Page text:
PyWart: "Python's import statement and the history of external dependencies"

Chris Angelico rosuav at
Sun Nov 23 07:56:18 CET 2014

On Sun, Nov 23, 2014 at 5:30 PM, Steven D'Aprano
<steve+comp.lang.python at> wrote:
> Chris Angelico wrote:
>> Okay, here's my guesses.
>> os2emxpath: In the stdlib, but more often accessed as "os.path" while
>> running under OS/2
> Correct.

I'm in a special position here, as I actually have an OS/2 system, and
have used Python on it. So I know about the particular obscure system
that you happened to pick there. Now, if you'd said "amigapath", I
wouldn't have known.

> [chomp a few correct and a few wrong, here and there]
> Not bad, but as you can see, the naming convensions are all over the place.
> It's easy to accidentally shadow the std lib.

Agreed. There's no way to guarantee that you aren't shadowing someone
else's module, except by namespacing your own - either putting your
name at the beginning of every file name ("fredfoobar_calendar") or by
making a package ("fredfoobar.calendar").

It would be nice, though, to be able to *detect* shadowing. Is there a
way (maybe through importlib) to ask Python to enumerate every file
that could be found when attempting to "import calendar"? Something
like this:

>>> import importlib
>>> importlib.find_all_modules("calendar")
['', '/usr/local/lib/python3.5/']

That would be a useful feature, if it doesn't already exist. If it
does, it could do with a bit more visibility - poking around on Google
and interactively with help(importlib) etc didn't reveal it to me.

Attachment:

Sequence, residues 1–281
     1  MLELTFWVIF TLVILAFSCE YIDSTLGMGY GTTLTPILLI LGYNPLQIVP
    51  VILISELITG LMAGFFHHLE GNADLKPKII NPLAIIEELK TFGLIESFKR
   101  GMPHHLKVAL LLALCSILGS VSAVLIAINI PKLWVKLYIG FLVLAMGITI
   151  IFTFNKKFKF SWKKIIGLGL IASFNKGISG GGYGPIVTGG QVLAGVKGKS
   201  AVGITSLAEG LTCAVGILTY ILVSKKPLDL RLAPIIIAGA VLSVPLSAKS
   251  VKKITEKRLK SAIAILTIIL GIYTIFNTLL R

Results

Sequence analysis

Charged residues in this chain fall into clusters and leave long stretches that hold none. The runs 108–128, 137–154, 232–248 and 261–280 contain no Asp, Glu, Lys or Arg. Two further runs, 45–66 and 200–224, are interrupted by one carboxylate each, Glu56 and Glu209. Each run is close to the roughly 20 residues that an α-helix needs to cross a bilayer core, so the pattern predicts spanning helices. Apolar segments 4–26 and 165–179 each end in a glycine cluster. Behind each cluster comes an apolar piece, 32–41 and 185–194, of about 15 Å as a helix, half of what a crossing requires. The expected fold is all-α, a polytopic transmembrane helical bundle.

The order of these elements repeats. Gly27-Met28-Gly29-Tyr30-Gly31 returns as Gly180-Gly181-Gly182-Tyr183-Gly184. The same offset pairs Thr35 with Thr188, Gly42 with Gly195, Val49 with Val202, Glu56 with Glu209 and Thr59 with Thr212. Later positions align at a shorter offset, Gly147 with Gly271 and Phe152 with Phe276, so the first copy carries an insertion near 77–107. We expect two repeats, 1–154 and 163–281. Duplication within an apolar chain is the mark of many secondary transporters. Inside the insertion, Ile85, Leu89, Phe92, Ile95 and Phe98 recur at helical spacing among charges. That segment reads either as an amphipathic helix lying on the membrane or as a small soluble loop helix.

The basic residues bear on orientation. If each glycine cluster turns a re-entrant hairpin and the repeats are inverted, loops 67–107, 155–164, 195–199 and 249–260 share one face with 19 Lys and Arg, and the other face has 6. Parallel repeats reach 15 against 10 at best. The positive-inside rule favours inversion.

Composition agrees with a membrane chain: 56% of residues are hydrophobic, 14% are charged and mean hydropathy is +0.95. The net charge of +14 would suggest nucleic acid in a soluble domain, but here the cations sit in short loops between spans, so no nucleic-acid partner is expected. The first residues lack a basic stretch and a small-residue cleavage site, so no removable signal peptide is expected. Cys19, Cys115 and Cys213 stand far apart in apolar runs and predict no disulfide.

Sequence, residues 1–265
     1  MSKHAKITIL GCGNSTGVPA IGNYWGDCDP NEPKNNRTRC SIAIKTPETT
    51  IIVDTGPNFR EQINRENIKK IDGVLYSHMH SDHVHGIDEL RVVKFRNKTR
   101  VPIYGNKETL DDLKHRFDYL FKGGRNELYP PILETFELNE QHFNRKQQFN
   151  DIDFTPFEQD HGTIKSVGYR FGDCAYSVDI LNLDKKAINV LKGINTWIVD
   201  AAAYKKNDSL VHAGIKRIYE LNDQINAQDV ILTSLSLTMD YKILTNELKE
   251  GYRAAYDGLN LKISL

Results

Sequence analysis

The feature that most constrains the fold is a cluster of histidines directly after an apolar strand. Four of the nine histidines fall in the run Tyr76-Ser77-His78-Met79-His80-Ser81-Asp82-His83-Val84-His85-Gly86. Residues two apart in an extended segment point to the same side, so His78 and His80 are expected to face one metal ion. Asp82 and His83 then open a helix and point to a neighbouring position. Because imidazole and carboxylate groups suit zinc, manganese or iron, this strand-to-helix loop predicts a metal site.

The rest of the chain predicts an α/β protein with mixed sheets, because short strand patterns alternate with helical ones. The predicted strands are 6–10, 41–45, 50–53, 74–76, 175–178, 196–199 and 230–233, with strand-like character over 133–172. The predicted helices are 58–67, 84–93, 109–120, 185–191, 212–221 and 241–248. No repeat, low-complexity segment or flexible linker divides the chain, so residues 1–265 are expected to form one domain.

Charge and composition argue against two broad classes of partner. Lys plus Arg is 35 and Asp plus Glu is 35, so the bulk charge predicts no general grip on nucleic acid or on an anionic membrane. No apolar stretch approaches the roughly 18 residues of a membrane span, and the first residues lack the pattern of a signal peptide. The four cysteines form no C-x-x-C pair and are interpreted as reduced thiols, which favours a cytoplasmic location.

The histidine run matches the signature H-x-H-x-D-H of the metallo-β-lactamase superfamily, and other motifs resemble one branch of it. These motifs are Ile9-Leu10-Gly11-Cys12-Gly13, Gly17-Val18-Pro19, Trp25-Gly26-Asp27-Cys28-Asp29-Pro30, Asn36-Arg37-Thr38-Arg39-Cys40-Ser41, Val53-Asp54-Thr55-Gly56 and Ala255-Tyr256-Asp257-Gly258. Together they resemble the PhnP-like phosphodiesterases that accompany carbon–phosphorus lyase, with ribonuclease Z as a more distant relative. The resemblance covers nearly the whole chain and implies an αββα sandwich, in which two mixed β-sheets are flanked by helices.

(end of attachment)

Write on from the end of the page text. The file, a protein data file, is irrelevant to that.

>> That's what Rick said first, and then said that if you're going to be
>> explicit, you should do the job properly and not have _any_ implicit
>> paths.
> Rick should ask himself why virtually every single language, from compiled
> languages like Ada, C, Pascal and Java, to interpreted languages like bash,
> all use search paths instead of explicit paths.
> Hint: the answer is not that every single language designer in the world is
> a moron.

Maybe they are. Maybe Rick's just so amazingly brilliant that he,
alone among all language designers, has figured this out. Maybe it's
time for his fork of Python to sweep the world with its incredible
solutions to massively prevalent problems!

While it *is* possible for every language in the world to get
something wrong, there's usually a few around the place that get it
right. Until Python 3.3, most popular languages got Unicode support
either wrong (using UTF-16 being the most common wrongness) or
inefficient (using UTF-32), or just didn't have any at all (bytes
everywhere). Could someone look at the state of world programming
languages and say "Everyone uses UTF-16, and not every language
designer in the world is a moron, therefore UTF-16 must be the right
thing to do"? No, because Haskell, Scheme, Pike, and bash all had it
right, already. Sure, they're not the most-used languages in the
world, but they certainly are used (bash plenty, though to be honest,
not many people use bash scripts for Unicode heavy-lifting), and they
prove that UTF-16 isn't the only way to go.

So, where are the languages that use explicit paths? Show us why
they're so great, using actual production code.


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